What’s the most important element of student success? Intellect? The educational institute? Resources? The amount of time spent studying? To your surprise it is indeed none of the above. The most important element of student success is mental health.

Before we begin, I would like to highlight the fact that mental health awareness for everyone is equally important, however as a student, it directly affects a student’s academic performance as well as energy levels, concentration, dependability, mental ability, and optimism, thus hindering performance. The following statistics prove why it is extremely important to bring to light.

  • 75% of mental illnesses start before a child reaches their 18th birthday.
  • 50% of mental health problems in adult life start before the age of 15.
  • 10% of school children have a diagnosable mental illness. This means that, in a class of 30 students, three will have a mental health problem.
  • 75% of young people with a mental health problem aren’t receiving treatment.
  • 51% of young people feel embarrassed about mental illness.

So what exactly does the term “mental health” refer to?

Mental health includes our emotional, psychological, and social well-being. It affects how we think, feel, and act. It also helps determine how we handle stress, relate to others, and make choices.

A mental illness is a physical illness of the brain that causes disturbances in thinking, behavior, energy or emotion that make it difficult to cope with the ordinary demands of life. The two most common mental health conditions are:

Anxiety Disorders including post-traumatic stress disorder (PTSD), obsessive-compulsive disorder (OCD), panic disorder (panic attacks), generalized anxiety disorder and specific phobias.

Mood Disorders – Mood disorders, such as depression and bipolar depression are characterized by difficulties in regulating one’s mood.

The reality is, even though it’s called “mental health”, it largely affects your physical health.

The student population is in some ways more vulnerable than other young people. Students are constantly having to adapt to new environments and ways of learning. Academic demands and workload increases and higher classes require much more self-directed learning and the capacity to manage time and prioritise work. Both of these can be easily disrupted by destructive mental health. As a result students can face academic decline that result in the need to repeat academic years or to even withdraw from university or college. Also, even less severe mental disorders can lead to failure on the part of an individual to fulfil his/her potential. Early adult life is a crucial stage in the transition from adolescence to independence as an adult. Underachievement or failure at this stage can have long-term effects on self-esteem and the progress of someone’s life.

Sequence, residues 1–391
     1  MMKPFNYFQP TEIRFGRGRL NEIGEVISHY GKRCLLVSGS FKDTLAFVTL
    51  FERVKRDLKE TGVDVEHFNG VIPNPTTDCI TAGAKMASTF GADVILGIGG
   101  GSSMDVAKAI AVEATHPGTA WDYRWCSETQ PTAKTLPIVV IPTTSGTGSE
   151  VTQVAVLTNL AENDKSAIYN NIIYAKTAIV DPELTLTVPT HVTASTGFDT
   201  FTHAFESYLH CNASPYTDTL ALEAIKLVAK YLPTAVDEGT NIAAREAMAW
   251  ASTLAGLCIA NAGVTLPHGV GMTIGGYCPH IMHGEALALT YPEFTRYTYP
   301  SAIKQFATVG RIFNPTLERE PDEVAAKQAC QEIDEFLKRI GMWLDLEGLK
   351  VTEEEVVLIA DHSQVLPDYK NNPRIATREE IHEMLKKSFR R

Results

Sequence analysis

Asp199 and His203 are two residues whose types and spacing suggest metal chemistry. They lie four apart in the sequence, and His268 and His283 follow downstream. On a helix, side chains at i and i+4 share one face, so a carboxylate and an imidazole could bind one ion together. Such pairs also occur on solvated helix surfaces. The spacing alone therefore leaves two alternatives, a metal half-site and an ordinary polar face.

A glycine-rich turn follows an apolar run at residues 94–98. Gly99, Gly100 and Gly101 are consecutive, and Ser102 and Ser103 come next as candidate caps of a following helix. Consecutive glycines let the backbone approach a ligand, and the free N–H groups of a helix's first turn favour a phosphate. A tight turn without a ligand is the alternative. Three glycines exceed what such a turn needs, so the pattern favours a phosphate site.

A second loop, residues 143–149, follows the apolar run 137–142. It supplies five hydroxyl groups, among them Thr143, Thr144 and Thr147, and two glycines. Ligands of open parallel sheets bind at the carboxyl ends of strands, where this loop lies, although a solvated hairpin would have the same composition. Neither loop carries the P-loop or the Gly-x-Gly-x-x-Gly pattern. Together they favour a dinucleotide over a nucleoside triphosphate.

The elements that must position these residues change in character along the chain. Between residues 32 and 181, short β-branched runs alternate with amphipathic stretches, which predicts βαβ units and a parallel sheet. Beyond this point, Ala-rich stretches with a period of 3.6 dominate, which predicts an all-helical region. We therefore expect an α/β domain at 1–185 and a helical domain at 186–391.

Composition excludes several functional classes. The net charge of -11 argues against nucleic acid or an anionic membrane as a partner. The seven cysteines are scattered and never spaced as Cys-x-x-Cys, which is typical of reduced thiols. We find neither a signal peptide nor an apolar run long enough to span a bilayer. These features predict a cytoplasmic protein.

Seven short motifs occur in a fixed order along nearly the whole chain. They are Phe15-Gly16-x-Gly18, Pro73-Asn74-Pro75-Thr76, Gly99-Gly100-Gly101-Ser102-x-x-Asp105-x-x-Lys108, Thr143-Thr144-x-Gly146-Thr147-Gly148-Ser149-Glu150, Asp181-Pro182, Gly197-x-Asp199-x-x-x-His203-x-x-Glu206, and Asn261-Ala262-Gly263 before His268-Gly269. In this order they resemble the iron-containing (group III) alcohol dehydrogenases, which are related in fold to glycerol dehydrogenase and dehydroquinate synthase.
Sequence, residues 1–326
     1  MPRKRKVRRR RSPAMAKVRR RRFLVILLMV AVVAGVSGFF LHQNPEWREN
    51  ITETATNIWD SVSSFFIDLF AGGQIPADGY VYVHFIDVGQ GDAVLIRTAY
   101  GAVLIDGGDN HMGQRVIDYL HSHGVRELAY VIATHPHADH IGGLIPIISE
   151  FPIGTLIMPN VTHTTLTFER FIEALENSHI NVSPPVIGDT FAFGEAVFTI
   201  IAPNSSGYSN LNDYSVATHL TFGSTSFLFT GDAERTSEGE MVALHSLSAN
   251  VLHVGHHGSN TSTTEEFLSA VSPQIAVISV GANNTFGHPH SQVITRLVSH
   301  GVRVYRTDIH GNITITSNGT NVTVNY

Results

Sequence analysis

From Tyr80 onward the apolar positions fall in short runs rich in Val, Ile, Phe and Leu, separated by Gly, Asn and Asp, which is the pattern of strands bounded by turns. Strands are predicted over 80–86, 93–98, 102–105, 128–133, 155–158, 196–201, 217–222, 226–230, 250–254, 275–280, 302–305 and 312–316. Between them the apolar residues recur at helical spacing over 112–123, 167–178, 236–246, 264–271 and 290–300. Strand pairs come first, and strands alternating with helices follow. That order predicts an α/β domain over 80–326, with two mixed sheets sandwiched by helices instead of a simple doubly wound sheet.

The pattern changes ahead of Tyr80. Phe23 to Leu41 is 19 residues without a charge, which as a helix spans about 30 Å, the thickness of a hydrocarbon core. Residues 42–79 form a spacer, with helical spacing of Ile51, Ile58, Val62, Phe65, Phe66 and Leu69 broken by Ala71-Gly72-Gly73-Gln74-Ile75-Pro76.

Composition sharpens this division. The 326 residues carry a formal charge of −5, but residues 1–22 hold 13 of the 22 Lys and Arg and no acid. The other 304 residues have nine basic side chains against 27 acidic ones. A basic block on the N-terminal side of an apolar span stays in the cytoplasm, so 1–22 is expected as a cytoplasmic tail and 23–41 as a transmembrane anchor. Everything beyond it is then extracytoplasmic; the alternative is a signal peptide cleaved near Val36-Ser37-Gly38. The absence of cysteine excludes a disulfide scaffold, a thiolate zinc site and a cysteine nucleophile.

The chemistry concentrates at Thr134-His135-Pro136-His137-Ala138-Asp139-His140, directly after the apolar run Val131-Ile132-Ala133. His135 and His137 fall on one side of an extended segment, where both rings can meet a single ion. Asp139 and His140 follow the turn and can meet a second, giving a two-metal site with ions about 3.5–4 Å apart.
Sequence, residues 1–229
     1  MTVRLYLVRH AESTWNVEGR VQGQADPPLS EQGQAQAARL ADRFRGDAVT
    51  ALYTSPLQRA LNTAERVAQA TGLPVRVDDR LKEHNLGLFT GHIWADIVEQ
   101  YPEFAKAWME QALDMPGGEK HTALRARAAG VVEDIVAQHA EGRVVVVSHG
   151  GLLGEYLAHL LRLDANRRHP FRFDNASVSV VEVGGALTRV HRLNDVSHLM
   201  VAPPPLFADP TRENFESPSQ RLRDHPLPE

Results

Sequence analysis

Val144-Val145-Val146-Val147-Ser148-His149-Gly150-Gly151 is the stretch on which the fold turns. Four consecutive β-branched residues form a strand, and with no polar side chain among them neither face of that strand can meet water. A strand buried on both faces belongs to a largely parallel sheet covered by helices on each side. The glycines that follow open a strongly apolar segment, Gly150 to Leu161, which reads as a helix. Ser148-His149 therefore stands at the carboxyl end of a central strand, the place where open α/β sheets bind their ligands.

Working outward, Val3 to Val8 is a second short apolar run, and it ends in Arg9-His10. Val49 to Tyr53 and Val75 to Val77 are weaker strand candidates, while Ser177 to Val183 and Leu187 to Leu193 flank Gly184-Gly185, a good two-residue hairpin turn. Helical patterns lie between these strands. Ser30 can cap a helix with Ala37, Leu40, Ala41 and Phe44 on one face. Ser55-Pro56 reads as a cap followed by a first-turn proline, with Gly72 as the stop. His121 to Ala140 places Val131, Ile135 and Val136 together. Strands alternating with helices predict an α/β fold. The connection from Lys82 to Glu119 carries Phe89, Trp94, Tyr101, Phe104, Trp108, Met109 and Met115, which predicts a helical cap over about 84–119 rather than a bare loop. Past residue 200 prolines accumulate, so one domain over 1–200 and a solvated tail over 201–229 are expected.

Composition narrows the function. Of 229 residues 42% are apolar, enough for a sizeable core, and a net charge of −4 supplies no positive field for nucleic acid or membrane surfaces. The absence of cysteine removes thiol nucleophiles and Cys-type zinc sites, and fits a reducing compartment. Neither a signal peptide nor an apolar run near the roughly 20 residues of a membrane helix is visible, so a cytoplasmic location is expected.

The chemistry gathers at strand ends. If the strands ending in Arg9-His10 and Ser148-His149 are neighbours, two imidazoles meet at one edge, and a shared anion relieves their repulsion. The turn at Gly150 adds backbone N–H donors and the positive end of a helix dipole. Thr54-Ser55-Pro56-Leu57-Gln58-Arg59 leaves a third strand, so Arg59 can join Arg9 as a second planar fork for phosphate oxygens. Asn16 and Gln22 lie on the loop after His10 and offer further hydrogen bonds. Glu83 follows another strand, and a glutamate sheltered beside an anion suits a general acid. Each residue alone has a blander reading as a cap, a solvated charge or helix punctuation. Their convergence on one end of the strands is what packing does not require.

Why is it so important for students specifically?

The majority of a person’s youth is spent either at school or college.  The things they experience, the people they meet, and how they are treated immensely impacts their cognitive development and mindset. To make my point, here is a very simple scenario; a student who has been previously acing their classes has suddenly dropped from the mark, for this, they are constantly given destructive criticism such as, “slacking back” or “losing interest”. In many schools, the solution to this is sending the particular student to a counsellor and problem solved right? Wrong. In many cases, the problem may not be the student themselves, but rather the environment that they have been subjected to. Schools should be a safe place for students to express their views and initiate conversation on debate-worthy topics, without being laughed at. Teachers often claim children who like to go off-topic and into discussion on the subject as “distracting”. The same child grows up to silence themselves and suppress their curiosity. On the other hand, teachers who encourage and build up their students to express their opinions and motivate them to work hard by highlighting their good qualities and not just their bad ones, often go unnoticed. This kind of support is crucial and will remain with the student for life, as a reminder that they have the potential to reach great heights; they won’t give up easily.